MOUNT PLEASANT — Belle Hall Plantation residents will not change the neighborhood name or alter signs to remove the word "plantation."
Of about 1,200 homes in the subdivision, 594 cast mail-in ballots to decide the controversial issue, according to a homeowners association notification.
The vote tallied April 26 was 369-225 (62-38 percent) against changing the name.
The proposal to remove the word “plantation” was pushed by Brigid Sullivan and six others who are part of a group called Belle Hall for All. The campaign gained support among residents concerned that the term romanticized an ugly history of racial subordination for the purpose of selling real estate.
Belle Hall, they argued, was less likely to attract Black homebuyers and achieve some diversity as long as it retained the word in its name.
Critics of the effort to change the signs argued the proposal was an example of political correctness run amok, and the board of directors noted that “the advocacy group that supports this change did not meet the Bylaw requirements to call a special meeting or vote by the membership of the community.”
The board nevertheless decided to proceed with a communitywide ballot.
Belle Hall is not the only subdivision home to residents seeking to remove “plantation” from the name of the community. Some residents of Hamlin Plantation in Mount Pleasant also wish to replace the term.
They are part of a trend that gained some urgency after the police killing of George Floyd in 2020. Residents of Plantation, Fla., have petitioned authorities to change the town’s name. Residents of Plantation Estates, a senior retirement community located southeast of Charlotte, succeeded late last year in changing the name to Matthews Glen. And homeowners in Hilton Head Plantation have been trying to get the divisive word replaced for months.
Michael Allen, a Black resident of Belle Hall, was among those advocating to change the name. He retired in late 2017 from a 38-year career as an interpreter of history with the National Park Service, and has long been active in the community promoting Gullah culture and social justice.
“Although I am disappointed, I am respectful of the vote,” he said. “However, I know that our cause was justified, factual and steeped in history.”
Another Belle Hall resident, Adam Machell, said he didn’t much care one way or the other about modifying the name of his neighborhood, but he was troubled by the methodology of the vote.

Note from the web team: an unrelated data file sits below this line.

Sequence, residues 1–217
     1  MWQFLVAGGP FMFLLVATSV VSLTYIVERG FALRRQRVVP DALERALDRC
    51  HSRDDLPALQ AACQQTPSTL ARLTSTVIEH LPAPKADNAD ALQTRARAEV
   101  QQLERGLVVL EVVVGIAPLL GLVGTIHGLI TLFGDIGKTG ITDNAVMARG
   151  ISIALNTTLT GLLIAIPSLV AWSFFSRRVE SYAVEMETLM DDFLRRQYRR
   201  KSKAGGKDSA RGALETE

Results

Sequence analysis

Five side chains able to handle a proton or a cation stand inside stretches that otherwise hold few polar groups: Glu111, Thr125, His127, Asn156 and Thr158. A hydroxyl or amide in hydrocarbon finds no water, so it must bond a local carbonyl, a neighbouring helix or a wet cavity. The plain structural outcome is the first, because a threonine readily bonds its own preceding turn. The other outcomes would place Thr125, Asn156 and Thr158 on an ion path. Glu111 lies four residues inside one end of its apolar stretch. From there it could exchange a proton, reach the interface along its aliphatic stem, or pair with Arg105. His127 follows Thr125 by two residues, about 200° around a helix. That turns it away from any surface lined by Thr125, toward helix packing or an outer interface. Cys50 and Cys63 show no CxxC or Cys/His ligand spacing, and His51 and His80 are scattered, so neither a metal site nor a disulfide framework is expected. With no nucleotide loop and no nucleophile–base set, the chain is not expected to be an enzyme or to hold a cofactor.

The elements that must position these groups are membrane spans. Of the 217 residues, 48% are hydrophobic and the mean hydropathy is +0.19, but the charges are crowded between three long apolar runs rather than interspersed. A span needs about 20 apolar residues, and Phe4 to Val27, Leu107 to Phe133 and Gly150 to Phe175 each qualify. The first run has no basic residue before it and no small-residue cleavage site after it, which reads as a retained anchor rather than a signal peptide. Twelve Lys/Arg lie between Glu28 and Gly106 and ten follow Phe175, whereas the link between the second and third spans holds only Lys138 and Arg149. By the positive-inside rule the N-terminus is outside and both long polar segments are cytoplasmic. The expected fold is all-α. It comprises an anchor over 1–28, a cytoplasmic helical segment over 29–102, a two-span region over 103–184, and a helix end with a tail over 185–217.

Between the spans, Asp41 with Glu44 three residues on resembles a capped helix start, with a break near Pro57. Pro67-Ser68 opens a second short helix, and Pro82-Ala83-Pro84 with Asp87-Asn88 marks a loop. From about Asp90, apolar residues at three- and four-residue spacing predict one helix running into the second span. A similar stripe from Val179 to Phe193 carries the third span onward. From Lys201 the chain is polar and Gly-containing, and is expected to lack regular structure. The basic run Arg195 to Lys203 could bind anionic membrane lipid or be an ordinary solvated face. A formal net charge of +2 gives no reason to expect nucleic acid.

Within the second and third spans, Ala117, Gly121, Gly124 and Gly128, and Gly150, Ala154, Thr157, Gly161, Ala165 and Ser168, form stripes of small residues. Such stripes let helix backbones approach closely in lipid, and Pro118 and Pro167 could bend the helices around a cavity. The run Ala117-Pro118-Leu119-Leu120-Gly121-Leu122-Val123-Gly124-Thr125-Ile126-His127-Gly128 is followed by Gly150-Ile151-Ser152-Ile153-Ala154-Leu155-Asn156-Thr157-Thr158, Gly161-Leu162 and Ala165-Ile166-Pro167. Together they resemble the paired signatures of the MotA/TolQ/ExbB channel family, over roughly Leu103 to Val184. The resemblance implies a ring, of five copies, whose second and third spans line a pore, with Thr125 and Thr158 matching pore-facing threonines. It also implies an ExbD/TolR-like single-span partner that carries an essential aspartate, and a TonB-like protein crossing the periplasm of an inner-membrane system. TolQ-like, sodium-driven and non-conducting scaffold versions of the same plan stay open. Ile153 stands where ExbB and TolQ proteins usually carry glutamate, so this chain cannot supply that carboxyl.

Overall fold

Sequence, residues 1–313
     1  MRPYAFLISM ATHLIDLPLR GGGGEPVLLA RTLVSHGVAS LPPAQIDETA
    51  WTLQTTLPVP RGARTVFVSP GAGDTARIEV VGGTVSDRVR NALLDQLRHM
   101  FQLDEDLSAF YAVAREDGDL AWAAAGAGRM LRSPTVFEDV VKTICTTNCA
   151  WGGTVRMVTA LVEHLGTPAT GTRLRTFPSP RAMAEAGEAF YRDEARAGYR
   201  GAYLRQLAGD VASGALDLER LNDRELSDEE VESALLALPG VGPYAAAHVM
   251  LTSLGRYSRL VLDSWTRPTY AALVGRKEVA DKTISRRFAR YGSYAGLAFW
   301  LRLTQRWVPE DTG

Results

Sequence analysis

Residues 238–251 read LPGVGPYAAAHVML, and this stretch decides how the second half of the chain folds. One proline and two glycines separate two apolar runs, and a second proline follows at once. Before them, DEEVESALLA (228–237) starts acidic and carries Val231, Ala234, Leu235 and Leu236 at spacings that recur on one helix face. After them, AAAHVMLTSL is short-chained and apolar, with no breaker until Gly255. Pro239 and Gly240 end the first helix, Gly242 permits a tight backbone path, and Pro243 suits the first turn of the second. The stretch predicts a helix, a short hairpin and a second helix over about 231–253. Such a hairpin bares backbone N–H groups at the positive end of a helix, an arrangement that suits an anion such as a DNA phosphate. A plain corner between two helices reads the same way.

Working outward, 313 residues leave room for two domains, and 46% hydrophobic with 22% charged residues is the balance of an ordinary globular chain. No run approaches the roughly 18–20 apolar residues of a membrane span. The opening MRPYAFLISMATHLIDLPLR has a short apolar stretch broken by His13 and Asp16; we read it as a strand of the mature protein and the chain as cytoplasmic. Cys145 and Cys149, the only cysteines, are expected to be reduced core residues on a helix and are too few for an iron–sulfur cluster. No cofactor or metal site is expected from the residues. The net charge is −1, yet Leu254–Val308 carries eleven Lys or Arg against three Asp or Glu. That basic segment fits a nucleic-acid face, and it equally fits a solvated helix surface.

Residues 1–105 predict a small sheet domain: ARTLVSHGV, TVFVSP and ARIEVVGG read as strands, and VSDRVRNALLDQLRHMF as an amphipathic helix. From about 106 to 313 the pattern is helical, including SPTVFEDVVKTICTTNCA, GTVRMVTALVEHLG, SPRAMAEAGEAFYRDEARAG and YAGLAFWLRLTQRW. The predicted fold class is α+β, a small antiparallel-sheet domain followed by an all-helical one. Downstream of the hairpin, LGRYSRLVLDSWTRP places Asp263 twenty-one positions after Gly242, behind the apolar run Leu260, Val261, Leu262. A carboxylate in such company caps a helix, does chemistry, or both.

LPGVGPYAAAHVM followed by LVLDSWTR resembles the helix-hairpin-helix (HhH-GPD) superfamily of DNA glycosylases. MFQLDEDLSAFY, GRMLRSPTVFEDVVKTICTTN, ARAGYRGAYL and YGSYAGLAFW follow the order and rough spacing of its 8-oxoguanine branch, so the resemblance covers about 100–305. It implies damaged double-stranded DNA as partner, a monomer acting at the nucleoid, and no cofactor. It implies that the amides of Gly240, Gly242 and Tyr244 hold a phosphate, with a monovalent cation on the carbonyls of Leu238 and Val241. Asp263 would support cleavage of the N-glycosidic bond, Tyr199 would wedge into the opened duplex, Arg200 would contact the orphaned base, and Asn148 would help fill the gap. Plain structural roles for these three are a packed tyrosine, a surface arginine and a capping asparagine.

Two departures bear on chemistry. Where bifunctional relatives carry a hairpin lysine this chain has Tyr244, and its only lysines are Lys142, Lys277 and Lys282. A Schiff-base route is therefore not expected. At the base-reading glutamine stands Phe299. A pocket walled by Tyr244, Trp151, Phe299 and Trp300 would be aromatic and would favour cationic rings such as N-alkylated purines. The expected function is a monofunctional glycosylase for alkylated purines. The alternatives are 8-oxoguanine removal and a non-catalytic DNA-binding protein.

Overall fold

“The HOA bylaws require 25 percent of the residents to bring a vote to the entire community (with a special meeting),” he noted. “The Belle Hall for All group never met that threshold. It really is that simple.” The board opted for mail-in ballots rather than a special meeting, though such a meeting also can be called by the president or vice president or a majority of the board, according to the bylaws.
He said most of his neighbors don’t use the term “plantation” when referring to the subdivision anyway, and some with whom he spoke about the issue expressed concern the vote could have been the start of a lengthy and costly process.
“Removing ‘Plantation’ from legal documents would have been a much harder and more expensive proposition,” he said. “Simply changing the name on the sign was only word play.”
Machell said in an email he hopes the debate can be put to rest and that those who voted no won’t be “identified as being against change (or worse) when, for a good number of us, it was simply about following the rules.”
Sullivan said the campaign and the vote, while ultimately unsuccessful, included a welcomed silver lining.
“We are incredibly thankful for the many personal connections we made with our wonderful neighbors both in Belle Hall and the greater community through these efforts,” she said. “We feel these will continue to be fruitful relationships and foster further community.”
She said the Belle Hall for All group will continue to advocate for inclusion, sponsor educational activities and foster neighborly relations with residents of the adjacent Snowden community, some of whose predominantly Black homeowners expressed support for the campaign to remove the word “plantation.”